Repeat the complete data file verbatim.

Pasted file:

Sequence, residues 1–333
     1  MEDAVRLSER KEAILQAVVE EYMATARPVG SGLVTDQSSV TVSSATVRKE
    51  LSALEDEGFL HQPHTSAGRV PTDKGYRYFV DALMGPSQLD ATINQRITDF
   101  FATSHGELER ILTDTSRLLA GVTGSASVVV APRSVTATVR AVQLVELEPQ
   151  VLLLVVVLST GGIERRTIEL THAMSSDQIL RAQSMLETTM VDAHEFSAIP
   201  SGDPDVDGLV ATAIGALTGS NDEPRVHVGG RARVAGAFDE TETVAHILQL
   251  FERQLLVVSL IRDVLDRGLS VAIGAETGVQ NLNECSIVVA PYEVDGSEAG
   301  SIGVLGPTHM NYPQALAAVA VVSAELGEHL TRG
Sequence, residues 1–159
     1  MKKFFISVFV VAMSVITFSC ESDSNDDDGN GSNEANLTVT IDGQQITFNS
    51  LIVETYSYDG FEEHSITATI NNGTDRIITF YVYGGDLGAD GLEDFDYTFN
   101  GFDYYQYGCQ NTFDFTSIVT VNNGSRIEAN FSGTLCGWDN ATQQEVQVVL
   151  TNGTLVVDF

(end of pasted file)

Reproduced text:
Sequence, residues 1–333
     1  MEDAVRLSER KEAILQAVVE EYMATARPVG SGLVTDQSSV TVSSATVRKE
    51  LSALEDEGFL HQPHTSAGRV PTDKGYRYFV DALMGPSQLD ATINQRITDF
   101  FATSHGELER ILTDTSRLLA GVTGSASVVV APRSVTATVR AVQLVELEPQ
   151  VLLLVVVLST GGIERRTIEL THAMSSDQIL RAQSMLETTM VDAHEFSAIP
   201  SGDPDVDGLV ATAIGALTGS NDEPRVHVGG RARVAGAFDE TETVAHILQL
   251  FERQLLVVSL IRDVLDRGLS VAIGAETGVQ NLNECSIVVA PYEVDGSEAG
   301  SIGVLGPTHM NYPQALAAVA VVSAELGEHL TRG
Sequence, residues 1–159
     1  MKKFFISVFV VAMSVITFSC ESDSNDDDGN GSNEANLTVT IDGQQITFNS
    51  LIVETYSYDG FEEHSITATI NNGTDRIITF YVYGGDLGAD GLEDFDYTFN
   101  GFDYYQYGCQ NTFDFTSIVT VNNGSRIEAN FSGTLCGWDN ATQQEVQVVL
   151  TNGTLVVDF